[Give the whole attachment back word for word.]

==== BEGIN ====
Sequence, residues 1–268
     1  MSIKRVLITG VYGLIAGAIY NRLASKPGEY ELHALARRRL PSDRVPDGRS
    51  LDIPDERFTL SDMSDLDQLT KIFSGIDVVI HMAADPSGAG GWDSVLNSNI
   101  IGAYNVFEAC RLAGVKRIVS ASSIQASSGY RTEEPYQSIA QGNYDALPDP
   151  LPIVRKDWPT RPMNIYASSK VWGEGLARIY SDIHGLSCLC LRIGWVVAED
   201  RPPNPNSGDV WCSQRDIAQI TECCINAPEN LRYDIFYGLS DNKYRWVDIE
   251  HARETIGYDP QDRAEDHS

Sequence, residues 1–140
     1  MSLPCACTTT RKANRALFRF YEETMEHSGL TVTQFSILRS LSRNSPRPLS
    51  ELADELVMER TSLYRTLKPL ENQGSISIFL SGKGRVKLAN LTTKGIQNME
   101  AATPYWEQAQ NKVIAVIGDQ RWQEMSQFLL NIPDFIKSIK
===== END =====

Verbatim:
Sequence, residues 1–268
     1  MSIKRVLITG VYGLIAGAIY NRLASKPGEY ELHALARRRL PSDRVPDGRS
    51  LDIPDERFTL SDMSDLDQLT KIFSGIDVVI HMAADPSGAG GWDSVLNSNI
   101  IGAYNVFEAC RLAGVKRIVS ASSIQASSGY RTEEPYQSIA QGNYDALPDP
   151  LPIVRKDWPT RPMNIYASSK VWGEGLARIY SDIHGLSCLC LRIGWVVAED
   201  RPPNPNSGDV WCSQRDIAQI TECCINAPEN LRYDIFYGLS DNKYRWVDIE
   251  HARETIGYDP QDRAEDHS

Sequence, residues 1–140
     1  MSLPCACTTT RKANRALFRF YEETMEHSGL TVTQFSILRS LSRNSPRPLS
    51  ELADELVMER TSLYRTLKPL ENQGSISIFL SGKGRVKLAN LTTKGIQNME
   101  AATPYWEQAQ NKVIAVIGDQ RWQEMSQFLL NIPDFIKSIK